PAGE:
Keeping Normal with the New Normal

Tuesday, July 14, 2020 by Julie Newton | Music Lessons

Stick With The Music: 

Help Kids Find Their New Normal

We are in unprecedented and difficult times.              

The disruption of many studio piano teachers have had to come up with ways to use distance learning.  Teaching online has taken the personal touch away from the students and makes it at times frustrating to communicate.   Parents of students have fears related to the COVID-19, Corona Virus, outbreak and have become very stressful for parents and kids across the world. What can parents, and we as a music teachers do to keep kids playing and help ease some of this new anxiety… while still finding routine in what is called the “new normal”? 

Maintain a Regular Routine                                                            

Parents need to continue their normal day to the best of your abilities…consistent time for waking up, getting dressed, eating breakfast, doing the School homework, music practice time, taking snack breaks, going outside for recreation.

Stay Connected

There are so many ways to Facetime, Video Chat to call friends from their school and relatives. There are many private music classes available and most can be done online from your home which could still unleash their inner virtual success.

Inspiring YouTube Videos or Live Streams Performances

Music teacher can be a great resource for recommending online videos to keep students inspired and motivated. Music & Arts curates a list of daily live streams for musicians, check them out!

Stay Positive

Practicing isn’t always fun, and stay-at-home orders aren’t fun either. Talk about things that brings your  family together or things that are going well both with music and in other things you are doing, help them choose activities that are positive and that will improve the mood.

This Won't Last Forever

Perhaps easier said than done, reassure them that, despite the struggles, this “new normal” iwon't last forever. Talk about being how your family can be flexible in coping with each day’s new challenges.

Building a routine and self-discipline for practice will help them with many other life-skills as well as success for the future.

As a piano/voice teacher for over 40 years, I send hope to my students and their families and future students and families.  Online teaching is safe and secure for the time being.  If you think about online lessons you can go anywhere to get piano or voice lessons.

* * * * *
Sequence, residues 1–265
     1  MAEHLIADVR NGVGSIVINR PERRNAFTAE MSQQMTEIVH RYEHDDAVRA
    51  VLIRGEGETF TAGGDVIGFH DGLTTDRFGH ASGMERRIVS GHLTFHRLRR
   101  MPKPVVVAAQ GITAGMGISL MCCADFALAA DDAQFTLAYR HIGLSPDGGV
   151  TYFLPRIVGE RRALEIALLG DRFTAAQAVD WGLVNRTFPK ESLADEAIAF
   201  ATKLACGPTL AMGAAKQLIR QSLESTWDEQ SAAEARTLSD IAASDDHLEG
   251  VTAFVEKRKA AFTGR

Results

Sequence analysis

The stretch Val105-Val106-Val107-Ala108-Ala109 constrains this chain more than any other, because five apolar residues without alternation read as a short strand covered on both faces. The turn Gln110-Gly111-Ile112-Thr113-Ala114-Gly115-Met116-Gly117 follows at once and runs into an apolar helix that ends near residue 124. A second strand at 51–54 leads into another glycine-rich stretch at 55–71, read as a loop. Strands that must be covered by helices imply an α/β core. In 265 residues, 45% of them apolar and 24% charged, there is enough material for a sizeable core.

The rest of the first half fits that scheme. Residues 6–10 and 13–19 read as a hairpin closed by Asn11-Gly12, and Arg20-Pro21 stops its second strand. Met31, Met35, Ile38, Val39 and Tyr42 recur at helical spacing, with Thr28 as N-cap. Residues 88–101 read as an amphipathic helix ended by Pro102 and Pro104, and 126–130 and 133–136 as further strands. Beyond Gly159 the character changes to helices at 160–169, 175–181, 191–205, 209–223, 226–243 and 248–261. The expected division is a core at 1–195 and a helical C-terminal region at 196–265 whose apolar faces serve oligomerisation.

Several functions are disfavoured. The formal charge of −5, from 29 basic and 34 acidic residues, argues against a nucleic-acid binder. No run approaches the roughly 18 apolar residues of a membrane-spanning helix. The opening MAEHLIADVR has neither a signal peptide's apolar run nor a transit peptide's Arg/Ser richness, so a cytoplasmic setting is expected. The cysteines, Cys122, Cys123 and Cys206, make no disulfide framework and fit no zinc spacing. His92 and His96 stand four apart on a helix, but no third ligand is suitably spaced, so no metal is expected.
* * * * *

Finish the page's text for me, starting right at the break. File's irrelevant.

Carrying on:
Register Now!

Why You Should Enroll Your Kids In Piano Lessons

Monday, July 9, 2018 by Julie Newton | Music Lessons

6 Powerful Music Programs That Will Build Your Brain!

Wednesday, April 25, 2018 by Julie Newton | Music Lessons

April 16, 2018 By Sharlene Habermeyer

School is winding down. Parents and kids are getting ready to launch into the “lazy-days-of-summer.” But educators are worried. They know that during the summer, kids will forget a chunk of information learned in class over the past 9 months. When they return to school in the fall, teachers will spend the first two months reviewing everything students forgot during those hot sunny days.

Parents…ask yourself, “What can I do to help my child retain what he/she has learned in school this year?”

There are many worthwhile summer programs that will get your kids moving and participating in fun and educational exercises. But some programs outweigh others when it comes to brain-building activities. For instance, nothing beats music lessons for strengthening the brain and helping your child retain information.

If your kids take music lessons or are involved in specific music programs during the summer, when they start back to school in the fall, their brains will be in tip-top shape! (but don’t stop the lessons–keep them going).

As I’ve said in previous blogs, music is the only activity we do that exercises the entire brain—left, right, front, back portions—simultaneously. Learning a musical instrument is giving the brain a major aerobic workout.

And, it’s just what the teacher ordered to safeguard retention of information during the summer.

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